Standing in that place was, and still is, one of the holiest moments of my life. God was a presence that could be touched and breathed and worn there. His grandeur leaked from every pane of glass.

I have never explained that moment to my satisfaction, though I have tried. My latest attempt at giving it voice was inspired by a creative lectio experience with my beautiful friends Nita and Patsy. It is, perhaps, the closest I have come. Yet.

Sainte Chapelle

The steps have been hollowed out
by centuries of use. Still they spiral
upward through the dark, close
column of stone till they spill me out
into the upper chamber.

I am assaulted by color.
Jeweled windows hang
suspended from the sky.
Sunlight scatters the jewels across the floor
and in my hair
and on my skin.

And I find that I have forgotten
to breathe. And my face is wet.

And I think of poor, hungry peasants
who gave of their meager means to build
great edifices for God, and how I scorned
their impracticality.

And I realize I would gladly starve
to stand, just once, in a place
where holiness rests
like jewels
on my skin.

 

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sainte chapelle ceiling

List of Candidates 2013

I will die with a list of books I meant to read, but didn’t.

This thought disturbs me.

Terribly.

So every year I whittle away at the books I know to be on that list. A little at a time. And every year I learn about other wonderful books. So I add them. And every time I finish reading a glorious novel, a delicious bit of poetry, or an inspiring biography, I pray a little prayer of thanks, not only for the author who penned the words, but for the friend who introduced me to them. If you are reading this, there is a good chance that person was you.

The list is not static, but grows all year through. However, I do make a deliberate effort in January to sweep together all the leavings of the previous year’s list along with titles jotted onto scraps of paper and in margins of books, or plugged into my phone, and begin again. I get so excited I want to read everything all at once. But life intervenes and I will have to tuck them in here and there wherever I can carve out a wee bit of space.

My list of candidates has improved considerably since I began soliciting help from you, my readers. So once again, I am giving you a look at what is already on my list, and asking you to help me fill it in. What have you read recently that rocked your world? What is that book you come back to over and over? Tell me about it. Please!

Here is what I have thus far…

Silence by Shusaku Endo*
Mysticism by Evelyn Underhill
Les Miserables by Victor Hugo
Jayber Crow by Wendell Berry*
Waiting for God by Simone Weil
The Narrow Road to the Deep North by Matsuo Basho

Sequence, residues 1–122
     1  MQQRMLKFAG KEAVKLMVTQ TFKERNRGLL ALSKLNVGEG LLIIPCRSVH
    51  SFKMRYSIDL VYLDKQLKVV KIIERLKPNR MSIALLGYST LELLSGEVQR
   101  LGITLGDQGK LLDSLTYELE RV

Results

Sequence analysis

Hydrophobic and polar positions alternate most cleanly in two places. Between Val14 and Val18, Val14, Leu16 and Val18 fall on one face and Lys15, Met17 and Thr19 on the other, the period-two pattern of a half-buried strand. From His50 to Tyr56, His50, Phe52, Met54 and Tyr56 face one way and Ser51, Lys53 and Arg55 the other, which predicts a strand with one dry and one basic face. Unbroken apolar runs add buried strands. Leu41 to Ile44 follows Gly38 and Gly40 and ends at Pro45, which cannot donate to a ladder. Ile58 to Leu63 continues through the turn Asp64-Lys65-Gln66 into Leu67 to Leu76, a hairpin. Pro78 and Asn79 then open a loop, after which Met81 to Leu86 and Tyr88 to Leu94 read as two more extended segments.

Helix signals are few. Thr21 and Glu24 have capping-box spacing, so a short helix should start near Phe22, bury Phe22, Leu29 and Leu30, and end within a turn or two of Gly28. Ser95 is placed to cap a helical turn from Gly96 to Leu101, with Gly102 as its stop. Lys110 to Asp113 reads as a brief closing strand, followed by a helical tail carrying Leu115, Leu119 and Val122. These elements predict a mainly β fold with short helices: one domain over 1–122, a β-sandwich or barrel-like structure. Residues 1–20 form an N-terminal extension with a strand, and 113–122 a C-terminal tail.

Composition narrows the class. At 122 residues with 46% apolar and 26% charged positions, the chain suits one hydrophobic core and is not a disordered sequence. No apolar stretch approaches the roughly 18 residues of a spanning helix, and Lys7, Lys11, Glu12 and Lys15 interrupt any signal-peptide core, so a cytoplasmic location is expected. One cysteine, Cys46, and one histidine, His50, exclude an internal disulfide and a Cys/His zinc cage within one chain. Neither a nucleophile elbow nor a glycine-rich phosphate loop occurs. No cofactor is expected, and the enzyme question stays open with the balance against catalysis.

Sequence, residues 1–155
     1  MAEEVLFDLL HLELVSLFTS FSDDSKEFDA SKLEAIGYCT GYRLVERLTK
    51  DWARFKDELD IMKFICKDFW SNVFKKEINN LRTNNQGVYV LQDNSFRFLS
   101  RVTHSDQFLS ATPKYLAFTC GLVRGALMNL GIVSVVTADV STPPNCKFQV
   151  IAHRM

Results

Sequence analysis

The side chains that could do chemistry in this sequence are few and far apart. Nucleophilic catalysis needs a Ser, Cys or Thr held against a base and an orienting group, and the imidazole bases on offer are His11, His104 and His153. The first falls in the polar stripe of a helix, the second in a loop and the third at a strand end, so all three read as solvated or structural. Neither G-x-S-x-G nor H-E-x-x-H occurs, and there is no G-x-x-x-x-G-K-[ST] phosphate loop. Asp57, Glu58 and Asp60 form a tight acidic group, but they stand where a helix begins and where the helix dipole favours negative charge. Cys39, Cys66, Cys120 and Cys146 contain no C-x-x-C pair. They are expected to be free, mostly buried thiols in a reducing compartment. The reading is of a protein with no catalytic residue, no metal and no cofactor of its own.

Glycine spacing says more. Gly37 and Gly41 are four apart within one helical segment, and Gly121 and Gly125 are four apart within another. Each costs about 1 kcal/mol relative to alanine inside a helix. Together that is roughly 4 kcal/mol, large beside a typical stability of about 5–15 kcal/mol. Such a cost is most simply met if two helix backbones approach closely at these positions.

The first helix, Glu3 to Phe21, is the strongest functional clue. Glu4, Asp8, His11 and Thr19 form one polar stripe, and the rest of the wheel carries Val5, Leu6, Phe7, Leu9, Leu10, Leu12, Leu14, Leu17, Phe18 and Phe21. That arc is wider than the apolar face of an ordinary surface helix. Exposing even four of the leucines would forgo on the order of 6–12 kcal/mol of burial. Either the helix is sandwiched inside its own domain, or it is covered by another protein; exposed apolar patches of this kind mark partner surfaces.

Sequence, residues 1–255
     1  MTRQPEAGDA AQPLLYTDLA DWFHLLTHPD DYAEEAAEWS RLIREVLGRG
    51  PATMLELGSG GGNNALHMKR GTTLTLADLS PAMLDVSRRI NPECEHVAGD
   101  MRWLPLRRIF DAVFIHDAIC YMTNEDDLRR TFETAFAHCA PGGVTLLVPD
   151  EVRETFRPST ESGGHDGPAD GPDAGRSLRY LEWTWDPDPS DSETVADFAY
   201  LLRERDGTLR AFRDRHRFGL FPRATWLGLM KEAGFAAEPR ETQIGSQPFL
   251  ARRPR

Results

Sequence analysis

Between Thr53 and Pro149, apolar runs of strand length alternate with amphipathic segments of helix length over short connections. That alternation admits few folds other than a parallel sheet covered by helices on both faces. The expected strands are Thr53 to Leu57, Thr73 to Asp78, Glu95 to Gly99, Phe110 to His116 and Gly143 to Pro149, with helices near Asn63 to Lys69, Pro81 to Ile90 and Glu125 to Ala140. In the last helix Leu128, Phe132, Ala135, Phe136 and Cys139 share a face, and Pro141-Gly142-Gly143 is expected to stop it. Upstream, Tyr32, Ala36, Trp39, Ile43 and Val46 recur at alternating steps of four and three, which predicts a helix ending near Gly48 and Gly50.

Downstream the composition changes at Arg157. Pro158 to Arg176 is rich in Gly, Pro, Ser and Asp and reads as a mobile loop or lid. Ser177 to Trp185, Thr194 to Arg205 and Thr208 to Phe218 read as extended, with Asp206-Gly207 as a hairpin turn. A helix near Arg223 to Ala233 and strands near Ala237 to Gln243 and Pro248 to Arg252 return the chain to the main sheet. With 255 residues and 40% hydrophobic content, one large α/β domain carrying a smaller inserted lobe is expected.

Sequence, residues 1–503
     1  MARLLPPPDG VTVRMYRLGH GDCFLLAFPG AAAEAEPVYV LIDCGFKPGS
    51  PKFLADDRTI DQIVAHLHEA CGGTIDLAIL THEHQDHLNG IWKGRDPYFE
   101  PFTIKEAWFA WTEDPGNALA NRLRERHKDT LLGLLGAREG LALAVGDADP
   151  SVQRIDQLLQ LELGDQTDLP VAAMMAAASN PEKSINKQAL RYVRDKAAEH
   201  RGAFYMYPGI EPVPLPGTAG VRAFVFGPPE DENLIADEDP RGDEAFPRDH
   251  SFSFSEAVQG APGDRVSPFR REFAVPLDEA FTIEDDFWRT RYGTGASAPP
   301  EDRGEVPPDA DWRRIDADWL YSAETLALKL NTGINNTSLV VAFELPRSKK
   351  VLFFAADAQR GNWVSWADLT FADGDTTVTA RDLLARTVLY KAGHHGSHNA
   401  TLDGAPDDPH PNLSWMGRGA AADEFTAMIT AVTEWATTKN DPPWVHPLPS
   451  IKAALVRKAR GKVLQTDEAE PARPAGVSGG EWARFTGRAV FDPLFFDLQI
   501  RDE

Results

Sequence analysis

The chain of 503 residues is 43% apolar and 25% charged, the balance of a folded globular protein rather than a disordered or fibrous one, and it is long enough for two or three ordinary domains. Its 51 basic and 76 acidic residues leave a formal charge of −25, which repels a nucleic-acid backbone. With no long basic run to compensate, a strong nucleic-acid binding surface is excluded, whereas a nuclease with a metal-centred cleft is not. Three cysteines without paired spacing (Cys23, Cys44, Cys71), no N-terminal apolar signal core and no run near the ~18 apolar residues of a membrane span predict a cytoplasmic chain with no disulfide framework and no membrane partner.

Davita’s Harp by Chaim Potok*
On Acquisition of the Holy Spirit by Saint Seraphim of Sarov
The Sparrow by Maria Doria Russell*
Tuesdays With Morrie by Mitch Albom*
The Poetry of John Keats
Story by Robert McKee
Rebecca by Daphne du Maurier*
The Ladder of Divine Ascent by John Climacus
The Pilgrimage by Paulo Coelho*
The Liar’s Club: A Memoir by Mary Karr
Matisse Picasso and Gertrude Stein by Gertrude Stein
Behold the Beauty of the Lord by Henri Nouwen*
Steering the Craft by Ursula Le Guin
The Art of Travel by Alain de Botton
Dakota: A Spiritual Geography by Kathleen Norris
On Writing Well by William Zinsser

*Indicates book has been completed

Favorite Literary Companions of 2012

A good book is like a good friend. It helps you to see the world more clearly. Perhaps it makes you laugh. Or cry. It nourishes your dreams. Very often it reveals to you a bit of yourself you did not know was there. And, as in the case of a good friend, I am sad when we come to the end of our time together, and I continue to think of it fondly in days, and years, to come.

Here are some of the more memorable encounters from the past year, in strictly chronological order as they came to me.

A Good Man is Hard to Find and Other Stories, Flannery O’Connor

Flannery O’Connor’s wordcraft is a cauldron of conundrum, brilliant characterization, and truths so deep they defy reduction. Her stories have a meandering way of taking us inside ourselves, preparing us for “almost imperceptible intrusions of grace“.

A Moveable Feast, Ernest Hemingway

His words are sumptuous. His descriptions of Paris in the 1920s with her rain-washed cobblestones and sidewalk bistros and cafes are perfectly delicious. And his intimate reflections on the literary luminaries who were his friends, priceless. I found myself dreaming of living in a little garret in Paris myself with daily strolls through those same avenues, the gardens, the museums… And, always, I love peaking inside the creative process of genius. I remember him speaking of how he could not write about Paris while in Paris. He needed distance to see it properly. This, I understand.